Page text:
Discussion topics 1. Only organisations headed by women and with a majority of women staff can be gender sensitive. 2. There should be equal representation of men and women at every level of responsibility within an organisation, including senior management.

Case study 3.1: Engendering organisational change (general) CIMMYT, the International Maize and Wheat Improvement Centre in Mexico City, is one of a consortium of 16 international agricultural research centres supported and funded by the Consultative Group for International Agricultural Research (CGIAR), which represents more than 40 donors. CIMMYT had a long history of low female representation in the professional ranks and resistance to gender equity, with only one woman in a senior management position. Leaders did not consider gender equity to be a priority. During the early1990s, a group of women at CIMMYT was interested in fostering gender equity, and found that a more hospitable work environment developed, in part because attention to gender within CGIAR provided legitimacy for their concerns. CGIAR began to support the research centres in their efforts to strengthen gender equity by providing technical advice, resources and knowledge. The Deputy Director General established a Gender Task Force, hired a consultant to examine possible gender inequities in salary and position classifications, and commissioned research to identify aspects of the work culture that could be changed to enhance both gender equity and organisational effectiveness. The explicit commitment of the donor community to strengthen attention to gender in research, training, and staffing provided a powerful incentive for CIMMYT to address gender staffing. The availability of external funding made it less risky for managers to take on the initiative, and external support and recognition by CGIAR helped managers and staff to sustain their efforts even when the change process was challenging. Major discrepancies in salaries were corrected and the organisation initiated a process for developing a more systematic and transparent system of position classifications and criteria for promotions. The new system resulted in 40 percent of the internationally recruited women being reclassified. The results were more mixed in terms of staffing. By 1997, women comprised 24 percent of all staff but they still constituted only 16Â percent of the internationally recruited professional and scientific staff, and there were no women at the senior management level. However, some women have been appointed to middle-management positions heading administrative departments, such as finance and human resources, and two-thirds of the internationally recruited women are employed in research, the core business of the organisation. Source: Merrill-Sands (1999)

3. The reason why gender has not been mainstreamed into the programmes of many organisations is that men have been resistant to change.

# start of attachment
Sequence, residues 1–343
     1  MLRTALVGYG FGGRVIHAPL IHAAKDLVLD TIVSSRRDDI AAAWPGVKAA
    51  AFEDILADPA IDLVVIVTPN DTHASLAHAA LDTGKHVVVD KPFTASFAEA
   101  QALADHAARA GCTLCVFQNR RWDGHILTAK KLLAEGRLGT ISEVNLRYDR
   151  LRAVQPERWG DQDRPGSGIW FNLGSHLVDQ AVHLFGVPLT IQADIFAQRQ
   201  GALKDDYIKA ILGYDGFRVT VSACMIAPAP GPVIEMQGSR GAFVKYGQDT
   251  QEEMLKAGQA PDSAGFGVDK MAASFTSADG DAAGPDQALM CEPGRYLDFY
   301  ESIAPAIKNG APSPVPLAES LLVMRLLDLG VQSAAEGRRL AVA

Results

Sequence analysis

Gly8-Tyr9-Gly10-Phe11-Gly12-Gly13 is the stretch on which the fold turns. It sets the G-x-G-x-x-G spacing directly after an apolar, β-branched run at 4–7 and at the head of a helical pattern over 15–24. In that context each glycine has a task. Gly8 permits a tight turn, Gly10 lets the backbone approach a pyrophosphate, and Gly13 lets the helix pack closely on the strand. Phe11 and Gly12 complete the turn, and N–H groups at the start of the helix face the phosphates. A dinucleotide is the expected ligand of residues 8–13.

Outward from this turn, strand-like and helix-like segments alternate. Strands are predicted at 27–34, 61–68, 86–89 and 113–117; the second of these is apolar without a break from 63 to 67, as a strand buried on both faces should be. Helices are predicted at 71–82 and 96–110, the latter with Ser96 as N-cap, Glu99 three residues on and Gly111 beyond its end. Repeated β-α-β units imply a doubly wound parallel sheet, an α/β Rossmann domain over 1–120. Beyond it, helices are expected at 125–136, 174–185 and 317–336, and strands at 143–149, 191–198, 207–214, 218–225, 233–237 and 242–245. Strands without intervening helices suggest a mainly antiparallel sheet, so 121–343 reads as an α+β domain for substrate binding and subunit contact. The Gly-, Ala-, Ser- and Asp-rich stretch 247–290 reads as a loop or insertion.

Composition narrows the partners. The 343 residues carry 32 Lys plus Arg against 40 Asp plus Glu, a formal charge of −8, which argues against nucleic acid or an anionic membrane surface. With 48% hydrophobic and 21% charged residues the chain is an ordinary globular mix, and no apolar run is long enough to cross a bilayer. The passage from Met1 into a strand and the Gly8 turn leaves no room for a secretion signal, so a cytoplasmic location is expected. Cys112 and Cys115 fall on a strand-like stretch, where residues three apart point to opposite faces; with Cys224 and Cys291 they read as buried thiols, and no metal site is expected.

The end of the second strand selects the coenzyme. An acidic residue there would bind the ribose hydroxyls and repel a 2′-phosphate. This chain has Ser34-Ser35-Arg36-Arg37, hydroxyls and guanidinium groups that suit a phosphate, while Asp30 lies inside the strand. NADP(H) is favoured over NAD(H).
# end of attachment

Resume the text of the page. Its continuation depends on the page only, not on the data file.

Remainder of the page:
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Case study 3.2: IUCN’s gender policy (biodiversity) Starting in 1984, IUCN-World Conservation Union began a comprehensive programme for mainstreaming gender throughout the organisation and its work. That year, recommendations from IUCN’s General Assembly led to the creation of a team to promote the involvement of women in all the levels of the organisation. In 1987, a ‘Women and Environment’ team developed a programme on ‘Population and Sustainable Development at a Global Level’. Then, following the recommendations of the General Assembly in 1988 in Costa Rica, the ‘Programme of Women and Natural Resources Management’ was created to develop more effective conservation initiatives through recognition of the roles women play in conservation. The programme undertook training activities, participated in international events, and established several networks. However, an evaluation of the programme concluded that its objectives were not reached because IUCN lacked a gender policy and a clear organisational structure reflecting its commitments. Gender activities were then integrated into the Social Division (which afterwards became the Social Policy Group), and the IUCN Regional Office for Mesoamerica initiated a Gender Programme. In 1993-1995, IUCN’s new director worked to ensure that the structure of the organisation was more gender-sensitive. Different working teams were created, two of which – Equity of Opportunities, and Human Resources – dealt directly with increasing gender awareness among staff. These teams drafted a policy on human resources development, which was approved by the Council in 1995. IUCN also sent a delegation to the Fourth World Conference in Beijing, China. A resolution at the 1996 World Conservation Congress asked IUCN’s General Director to establish a multidisciplinary team to design a strategy that could integrate a gender perspective into the work of the organisation. The General Director created a team to work on Gender and Sustainable Development that met for the first time in Costa Rica the following year. In 1998, IUCN endorsed its first gender policy statement, calling for an effective mainstreaming strategy to integrate a gender perspective into IUCN’s policies, programmes and projects, and promotion of equity and equality as crucial factors for environmental sustainability and conservation: “IUCN recognises that gender equality and equity are matters of fundamental human rights and social justice and a pre-condition for sustainable development and the achievement of its mission…. Only with a gender perspective can a complete picture of human relationships and ecosystems be built up.” IUCN then appointed a Senior Gender Advisor with a sufficient budget to initiate a gender action plan, and each IUCN Regional Office appointed gender focal points responsible for regional